Type and press ENTER
Hit ESC to close
Screen shot 2019 09 25 at 11.05.21
Paul Hollywood.Channel 4.

The Great British Bake Off 2019 Episode Five Recap: Roaring Twenties

This week's episode was a massive disappointment, topped off with a shock double elimination.

SHARE

This week, the Great British Bake Off went a bit off the rails, with a barely-there theme and a shock double elimination. 

To kick things off, let's talk about the theme, Roaring Twenties. Firstly, I think there must have been some miscommunication between the producers, the judges and the contestants because this episode was barely themed. What is a Roaring Twenties theme, you ask? Well, I was expecting to see Gatsby-esque bakes, lavishly decorated with bizarre old-time flavours. Instead, the theme was so thin that there really was no connection between the three tasks. It was a thinly veiled attempt at an innovative theme that fell utterly flat, didn't make sense and didn't work at all. Hopefully, the behind-the-scenes team get it together and return to the popular themes of previous seasons, like patisserie or chocolate week. Anyway, on to the recap!

The Signature Challenge

For this week's signature challenge, the bakers were tasked with creating four baked custard tarts topped with an array of fabulous decorations. Sounds simple enough, but there were definitely a range of challenges associated with this bake: the shortcrust pastry needed to be thin and perfectly baked, the custard had to be just set and the decorations needed to be impressive. While these tarts were fairly popular in the 1920s, custard tarts seemed barely connected to the overarching theme and David was the only contestant to even attempt to bring the theme into his bake, serving up vanilla custard tarts topped with flapper girl cookies.

Of course, there were highs and lows for the contestants throughout this challenge. Michael didn't fill his tarts enough, Helena's wonderfully weird sea monster-themed creations tasted like soap and Priya accidentally ended up boiling her custard instead of baking it, as well as serving up messy, unfinished tarts.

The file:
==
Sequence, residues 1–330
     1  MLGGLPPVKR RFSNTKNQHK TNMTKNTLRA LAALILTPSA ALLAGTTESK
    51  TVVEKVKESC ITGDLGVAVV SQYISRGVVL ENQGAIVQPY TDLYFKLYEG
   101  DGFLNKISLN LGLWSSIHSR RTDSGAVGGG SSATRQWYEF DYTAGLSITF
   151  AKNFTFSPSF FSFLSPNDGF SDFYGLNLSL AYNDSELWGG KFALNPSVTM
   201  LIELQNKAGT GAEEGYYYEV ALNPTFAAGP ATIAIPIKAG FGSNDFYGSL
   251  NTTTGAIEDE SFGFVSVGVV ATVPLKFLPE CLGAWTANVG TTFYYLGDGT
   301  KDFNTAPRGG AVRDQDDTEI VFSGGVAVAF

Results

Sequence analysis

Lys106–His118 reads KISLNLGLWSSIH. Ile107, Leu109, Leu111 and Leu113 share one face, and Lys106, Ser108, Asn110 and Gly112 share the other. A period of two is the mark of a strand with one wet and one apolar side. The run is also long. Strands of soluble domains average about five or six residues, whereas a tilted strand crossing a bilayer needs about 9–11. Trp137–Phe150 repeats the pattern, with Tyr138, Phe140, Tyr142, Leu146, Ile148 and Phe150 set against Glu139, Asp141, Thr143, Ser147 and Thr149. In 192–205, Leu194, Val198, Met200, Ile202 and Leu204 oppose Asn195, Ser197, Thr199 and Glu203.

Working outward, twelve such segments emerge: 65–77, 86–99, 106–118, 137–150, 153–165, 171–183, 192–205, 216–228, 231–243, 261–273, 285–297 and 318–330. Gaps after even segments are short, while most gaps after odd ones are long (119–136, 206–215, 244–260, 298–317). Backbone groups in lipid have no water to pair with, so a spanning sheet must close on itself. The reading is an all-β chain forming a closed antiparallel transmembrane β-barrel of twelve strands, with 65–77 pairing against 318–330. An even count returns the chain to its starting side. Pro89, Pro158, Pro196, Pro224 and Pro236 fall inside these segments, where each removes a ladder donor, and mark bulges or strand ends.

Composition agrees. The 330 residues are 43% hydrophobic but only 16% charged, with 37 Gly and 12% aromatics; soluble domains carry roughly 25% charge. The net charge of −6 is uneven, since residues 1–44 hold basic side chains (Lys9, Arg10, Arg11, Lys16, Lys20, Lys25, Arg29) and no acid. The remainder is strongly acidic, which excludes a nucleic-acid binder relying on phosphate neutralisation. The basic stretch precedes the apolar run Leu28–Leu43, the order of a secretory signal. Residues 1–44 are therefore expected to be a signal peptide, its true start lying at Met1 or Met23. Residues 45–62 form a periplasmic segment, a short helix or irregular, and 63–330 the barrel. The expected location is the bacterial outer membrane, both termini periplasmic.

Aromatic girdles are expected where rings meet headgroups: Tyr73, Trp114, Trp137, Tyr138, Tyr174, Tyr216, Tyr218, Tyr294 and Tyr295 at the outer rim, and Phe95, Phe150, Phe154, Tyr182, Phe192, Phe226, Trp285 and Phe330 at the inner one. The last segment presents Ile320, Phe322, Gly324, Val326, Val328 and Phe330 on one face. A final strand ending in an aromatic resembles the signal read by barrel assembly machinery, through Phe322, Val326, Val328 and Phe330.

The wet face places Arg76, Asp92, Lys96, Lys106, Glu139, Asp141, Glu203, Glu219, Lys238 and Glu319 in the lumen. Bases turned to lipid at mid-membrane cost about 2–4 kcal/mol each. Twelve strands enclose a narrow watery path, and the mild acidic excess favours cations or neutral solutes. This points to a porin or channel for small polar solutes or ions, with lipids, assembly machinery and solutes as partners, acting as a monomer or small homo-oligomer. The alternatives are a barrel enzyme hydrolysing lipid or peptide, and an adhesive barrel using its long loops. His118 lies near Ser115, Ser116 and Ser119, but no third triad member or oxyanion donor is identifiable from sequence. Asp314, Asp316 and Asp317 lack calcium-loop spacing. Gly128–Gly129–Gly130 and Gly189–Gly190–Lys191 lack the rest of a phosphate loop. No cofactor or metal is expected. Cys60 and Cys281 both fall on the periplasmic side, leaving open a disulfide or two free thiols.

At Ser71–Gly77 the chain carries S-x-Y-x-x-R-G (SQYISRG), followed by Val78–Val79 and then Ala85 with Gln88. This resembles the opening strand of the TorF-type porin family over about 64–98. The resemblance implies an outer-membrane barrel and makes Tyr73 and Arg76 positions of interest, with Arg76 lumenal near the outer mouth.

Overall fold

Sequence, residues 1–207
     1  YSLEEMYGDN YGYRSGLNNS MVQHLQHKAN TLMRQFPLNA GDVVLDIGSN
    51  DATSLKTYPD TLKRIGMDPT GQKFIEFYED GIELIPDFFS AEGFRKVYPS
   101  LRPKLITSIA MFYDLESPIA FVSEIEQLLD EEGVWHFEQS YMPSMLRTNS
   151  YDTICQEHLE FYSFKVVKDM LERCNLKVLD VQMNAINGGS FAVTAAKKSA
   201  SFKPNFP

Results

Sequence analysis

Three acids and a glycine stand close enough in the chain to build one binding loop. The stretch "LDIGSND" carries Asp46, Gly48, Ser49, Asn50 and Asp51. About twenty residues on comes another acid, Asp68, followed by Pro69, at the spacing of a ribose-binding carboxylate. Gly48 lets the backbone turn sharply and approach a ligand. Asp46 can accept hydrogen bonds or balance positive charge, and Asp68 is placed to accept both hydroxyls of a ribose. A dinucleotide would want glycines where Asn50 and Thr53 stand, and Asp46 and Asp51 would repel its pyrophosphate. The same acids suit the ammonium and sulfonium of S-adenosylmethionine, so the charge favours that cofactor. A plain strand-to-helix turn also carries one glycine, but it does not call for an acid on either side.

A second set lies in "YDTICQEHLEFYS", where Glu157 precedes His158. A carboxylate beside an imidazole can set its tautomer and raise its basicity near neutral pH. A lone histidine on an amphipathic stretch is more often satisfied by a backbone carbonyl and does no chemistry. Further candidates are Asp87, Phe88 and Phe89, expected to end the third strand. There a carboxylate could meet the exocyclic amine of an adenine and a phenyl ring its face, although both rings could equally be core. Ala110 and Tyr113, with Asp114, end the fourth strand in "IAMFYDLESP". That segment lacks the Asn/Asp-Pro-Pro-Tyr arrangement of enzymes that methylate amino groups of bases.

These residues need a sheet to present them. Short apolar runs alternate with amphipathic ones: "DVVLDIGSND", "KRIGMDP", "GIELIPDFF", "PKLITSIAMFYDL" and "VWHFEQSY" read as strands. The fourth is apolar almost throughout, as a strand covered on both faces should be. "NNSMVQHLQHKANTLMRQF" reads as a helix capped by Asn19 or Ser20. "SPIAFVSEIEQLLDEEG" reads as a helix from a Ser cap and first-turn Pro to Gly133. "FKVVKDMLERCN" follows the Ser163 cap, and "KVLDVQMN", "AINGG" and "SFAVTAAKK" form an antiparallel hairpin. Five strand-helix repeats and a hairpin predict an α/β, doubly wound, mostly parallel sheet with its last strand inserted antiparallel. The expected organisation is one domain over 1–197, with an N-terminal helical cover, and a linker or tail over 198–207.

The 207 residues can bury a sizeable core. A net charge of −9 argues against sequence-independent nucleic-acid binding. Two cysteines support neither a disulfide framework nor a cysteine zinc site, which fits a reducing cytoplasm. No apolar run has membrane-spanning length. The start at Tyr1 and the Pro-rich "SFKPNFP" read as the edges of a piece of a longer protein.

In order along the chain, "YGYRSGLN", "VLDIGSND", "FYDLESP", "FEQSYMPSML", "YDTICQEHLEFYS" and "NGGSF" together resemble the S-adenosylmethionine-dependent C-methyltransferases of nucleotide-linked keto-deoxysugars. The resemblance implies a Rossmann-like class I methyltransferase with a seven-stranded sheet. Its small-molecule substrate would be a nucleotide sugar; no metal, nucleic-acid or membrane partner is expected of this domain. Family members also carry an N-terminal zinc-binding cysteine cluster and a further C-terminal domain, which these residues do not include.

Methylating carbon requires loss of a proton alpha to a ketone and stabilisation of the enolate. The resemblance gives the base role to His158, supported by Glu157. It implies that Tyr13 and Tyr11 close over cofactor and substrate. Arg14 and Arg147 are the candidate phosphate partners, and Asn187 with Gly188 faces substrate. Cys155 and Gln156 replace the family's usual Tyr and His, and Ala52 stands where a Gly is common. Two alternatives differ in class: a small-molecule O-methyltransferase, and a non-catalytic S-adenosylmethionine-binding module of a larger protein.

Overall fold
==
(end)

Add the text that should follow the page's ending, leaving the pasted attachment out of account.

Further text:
Rosie, however, faced the biggest problems in this challenge: her honey jellies melted everywhere and she accidentally threw one of her tarts on the floor, which meant she only had three tarts to serve to the judges, instead of the required four. While my heart broke watching her devastated face as she realised her custard was strewn across the floor, it was obvious that Rosie was an early frontrunner for elimination this week.

On the other side of the scale, David was one of the only bakers to impress the judges at all. Paul and Prue remarked how beautifully decorated his tarts were and that the custard was absolutely perfect, earning David the second Hollywood handshake of the season. Steph was praised too for her efforts, which looked and apparently tasted lovely.

Rosie's smashed tart.
Rosie's smashed tart.

The Technical Challenge

Even though the judges seemed to determined to avoid overly contrived Technical Challenges this season, it seems that they have completely backtracked on that idea – see last week's cheese curd tarts –and have completely gone in the other direction.

This week's Technical was set by Prue, who seems to delight in the bakers' misery, and required the contestants to produce 18 beignet soufflés, filled with jam and served with a sabayon. What are beignet soufflés? Deep-fried choux pastry, which doesn't sound that difficult. How do these treats fit with the 1920s? Supposedly they were popular at the time. Why were the bakers challenged to produce beignet soufflés? I'm unsure, but possibly just to torture them.